Sexual harassment and bias and sexism are systemic cultural problems in the ad industry. They’re directly connected to the domination of men in this industry, which grossly misrepresents modern society.
At agencies, we should treat them as an internal, industrywide brief that needs solving.
The industry needs to evolve from being a “whisper network” and change the male mindset that believes it’s acceptable in an informal, creative and idea-driven agency culture to cross boundaries that you wouldn’t think of crossing at a party at your own home.
So, where to start? Or, rather, where do I start? That’s what every man in the industry should ask himself.
As a male, founding partner of a boutique ad agency in Amsterdam, I find myself confused and angered at how endemic sexual harassment is within the industry. Though we’re a small agency consisting of a handful of people, we’re very conscious of fostering a creative-driven culture that is above anything based on real respect for people, with zero tolerance for harassment.
To create a marketwide culture shift, we must combine individual responsibility and collective ownership. If we can make ideas that are “disruptive” or “future-proof,” we should apply the same thinking in a way that fixes this rotten, backward culture once and for all. We should be as serious about building an internal culture of mutual respect as we are about building brands and making a positive impact on our clients’ business.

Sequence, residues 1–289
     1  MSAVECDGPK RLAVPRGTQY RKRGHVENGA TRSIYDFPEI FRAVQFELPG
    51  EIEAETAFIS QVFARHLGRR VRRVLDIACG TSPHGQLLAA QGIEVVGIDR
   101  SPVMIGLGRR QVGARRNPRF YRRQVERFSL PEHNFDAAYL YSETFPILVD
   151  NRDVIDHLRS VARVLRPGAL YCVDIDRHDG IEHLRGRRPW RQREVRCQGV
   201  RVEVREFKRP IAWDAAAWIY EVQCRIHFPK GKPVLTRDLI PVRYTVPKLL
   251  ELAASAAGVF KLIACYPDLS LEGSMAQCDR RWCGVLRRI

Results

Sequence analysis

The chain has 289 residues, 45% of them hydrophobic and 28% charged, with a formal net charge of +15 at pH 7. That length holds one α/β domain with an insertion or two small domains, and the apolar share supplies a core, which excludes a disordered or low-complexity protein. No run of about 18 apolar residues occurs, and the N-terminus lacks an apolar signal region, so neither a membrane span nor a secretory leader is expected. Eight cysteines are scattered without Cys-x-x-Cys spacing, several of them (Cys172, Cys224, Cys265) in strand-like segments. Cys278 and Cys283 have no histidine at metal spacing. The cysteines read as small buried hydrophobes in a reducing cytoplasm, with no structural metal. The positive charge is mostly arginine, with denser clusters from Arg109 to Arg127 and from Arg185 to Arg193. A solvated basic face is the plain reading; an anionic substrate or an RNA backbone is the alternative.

We need to address the issue actively within your agency and with other colleagues, and ask women in our industry how men can be a force of good.
We should ask the bigger (global) agencies to share their harassment training and education practices with smaller agencies like ours that lack the tools to embed this thinking in their agencies.
It takes more to change a mindset than just training and education. Male agency leaders need to set an example in their own behavior and become a lot more (uni)vocal about the zero tolerance for harassment to the rest of their teams and clients. That’d be a first step, especially if they would bring the — either direct or witnessed — experiences from women within their agencies into this.
If we’re serious about solving this, maybe we need to think bigger. Installing a cultural change driver like Cindy Gallop at our agencies can get women to report harassment in complete confidence, and develop industrywide behavioral standards.
Let’s use our collective intellect and wisdom to start a movement that will change our internal cultures for the better.
Jaap van Oirschot is strategy director and founder of Mr. Fox, an Amsterdam-based creative agency.